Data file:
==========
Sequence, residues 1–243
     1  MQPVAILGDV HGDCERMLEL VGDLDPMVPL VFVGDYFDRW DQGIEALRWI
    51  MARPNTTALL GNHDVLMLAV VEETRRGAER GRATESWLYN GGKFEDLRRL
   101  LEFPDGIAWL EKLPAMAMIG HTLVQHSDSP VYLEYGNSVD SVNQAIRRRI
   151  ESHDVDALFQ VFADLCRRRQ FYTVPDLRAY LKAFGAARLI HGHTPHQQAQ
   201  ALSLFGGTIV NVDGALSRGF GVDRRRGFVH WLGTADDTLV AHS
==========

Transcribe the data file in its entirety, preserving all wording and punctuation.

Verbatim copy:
Sequence, residues 1–243
     1  MQPVAILGDV HGDCERMLEL VGDLDPMVPL VFVGDYFDRW DQGIEALRWI
    51  MARPNTTALL GNHDVLMLAV VEETRRGAER GRATESWLYN GGKFEDLRRL
   101  LEFPDGIAWL EKLPAMAMIG HTLVQHSDSP VYLEYGNSVD SVNQAIRRRI
   151  ESHDVDALFQ VFADLCRRRQ FYTVPDLRAY LKAFGAARLI HGHTPHQQAQ
   201  ALSLFGGTIV NVDGALSRGF GVDRRRGFVH WLGTADDTLV AHS